This article was published on: 02/21/18 7:33 PM
Earth Day Network, the organization that leads Earth Day worldwide on April 22, announced that Earth Day 2018 will focus on mobilizing the world to End Plastic Pollution, including creating support for a global effort to eliminate single use plastics along with uniform regulation for the disposal of plastics. EDN will educate millions of people about the health and other risks associated with the use and disposal of plastics, including pollution of our oceans, water, and wildlife, and about the growing body of evidence that decomposing plastics are creating serious global health problems.
From poisoning and injuring marine life to the ubiquitous presence of plastics in our food to disrupting human hormones and causing major life-threatening diseases and early puberty, the exponential growth of plastics is threatening our planet’s survival. EDN has built a multi-year campaign to End Plastic Pollution. Our goals include ending single use plastics, promoting alternatives to fossil fuel-based materials, promoting 100 percent recycling of plastics, corporate and government accountability and changing human behavior concerning plastics.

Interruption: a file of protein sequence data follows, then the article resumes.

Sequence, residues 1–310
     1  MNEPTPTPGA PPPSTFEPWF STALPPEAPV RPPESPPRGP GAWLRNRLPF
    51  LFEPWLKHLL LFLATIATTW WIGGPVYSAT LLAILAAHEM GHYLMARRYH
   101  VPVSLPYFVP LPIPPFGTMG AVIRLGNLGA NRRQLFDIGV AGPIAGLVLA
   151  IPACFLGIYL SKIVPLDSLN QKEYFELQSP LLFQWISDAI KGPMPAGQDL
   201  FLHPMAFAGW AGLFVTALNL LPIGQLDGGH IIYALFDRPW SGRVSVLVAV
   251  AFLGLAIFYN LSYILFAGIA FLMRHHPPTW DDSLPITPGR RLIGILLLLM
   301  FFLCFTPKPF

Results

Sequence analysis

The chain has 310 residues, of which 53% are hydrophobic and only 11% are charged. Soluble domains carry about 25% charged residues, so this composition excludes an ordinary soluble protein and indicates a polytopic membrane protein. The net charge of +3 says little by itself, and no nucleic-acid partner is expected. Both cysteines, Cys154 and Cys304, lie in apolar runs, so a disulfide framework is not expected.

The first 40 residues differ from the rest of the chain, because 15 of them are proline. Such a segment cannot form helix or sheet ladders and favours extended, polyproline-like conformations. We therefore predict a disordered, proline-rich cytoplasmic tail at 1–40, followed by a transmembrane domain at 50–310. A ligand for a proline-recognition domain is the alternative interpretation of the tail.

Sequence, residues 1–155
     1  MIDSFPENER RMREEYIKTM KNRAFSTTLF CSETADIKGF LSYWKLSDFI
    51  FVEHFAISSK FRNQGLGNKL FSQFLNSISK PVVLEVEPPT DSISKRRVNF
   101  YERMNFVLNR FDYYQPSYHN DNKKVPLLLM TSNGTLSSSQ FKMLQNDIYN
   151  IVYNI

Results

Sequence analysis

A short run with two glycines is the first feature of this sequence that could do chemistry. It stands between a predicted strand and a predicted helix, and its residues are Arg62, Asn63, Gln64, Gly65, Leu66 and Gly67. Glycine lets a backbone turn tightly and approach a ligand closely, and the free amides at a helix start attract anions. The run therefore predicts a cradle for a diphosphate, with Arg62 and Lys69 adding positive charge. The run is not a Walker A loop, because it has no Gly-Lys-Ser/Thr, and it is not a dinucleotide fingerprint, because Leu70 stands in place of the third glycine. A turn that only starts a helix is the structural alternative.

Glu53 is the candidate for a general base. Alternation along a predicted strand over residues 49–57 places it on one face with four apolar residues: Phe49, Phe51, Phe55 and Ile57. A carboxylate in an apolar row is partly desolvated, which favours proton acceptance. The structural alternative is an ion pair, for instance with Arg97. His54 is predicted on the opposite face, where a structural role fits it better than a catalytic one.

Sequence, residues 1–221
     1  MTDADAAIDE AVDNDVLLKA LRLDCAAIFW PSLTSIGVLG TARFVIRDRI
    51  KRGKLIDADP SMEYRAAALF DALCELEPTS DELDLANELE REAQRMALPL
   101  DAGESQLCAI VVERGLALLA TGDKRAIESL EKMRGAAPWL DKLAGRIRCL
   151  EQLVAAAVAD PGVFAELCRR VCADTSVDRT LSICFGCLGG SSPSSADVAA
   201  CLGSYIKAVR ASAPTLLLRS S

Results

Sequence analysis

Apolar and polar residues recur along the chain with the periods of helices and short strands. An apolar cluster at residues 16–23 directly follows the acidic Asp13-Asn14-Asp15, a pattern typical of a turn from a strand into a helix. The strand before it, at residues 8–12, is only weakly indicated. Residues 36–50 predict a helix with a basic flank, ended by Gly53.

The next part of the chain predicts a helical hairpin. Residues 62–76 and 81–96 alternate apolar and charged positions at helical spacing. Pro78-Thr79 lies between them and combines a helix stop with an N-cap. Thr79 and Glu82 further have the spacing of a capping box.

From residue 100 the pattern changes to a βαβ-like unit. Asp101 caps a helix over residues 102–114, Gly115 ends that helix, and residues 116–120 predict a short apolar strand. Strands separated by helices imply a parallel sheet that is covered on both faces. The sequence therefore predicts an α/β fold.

“There is a growing tidal wave of interest in ending plastic pollution and some countries and governments are already in the vanguard. Earth Day Network believes we can turn that tidal wave into a permanent solution to plastics pollution,” said Kathleen Rogers, President of EDN.
EDN’s End Plastic Pollution campaign includes four major components:
Earth Day Network will leverage the platform of Earth Day and the growing interest in the 50th Anniversary of Earth Day in 2020 as a catalyst for global action.
“We will mobilize our global network of NGOs, grassroots organizations, campus youth, mayors and other local elected leaders, faith leaders, artists and athletes, and students and teachers to build a world of educated consumers, voters and activists of all ages who understand the environmental, climate and health consequences of using plastic,” said Rogers.
Contact: Valeria Merino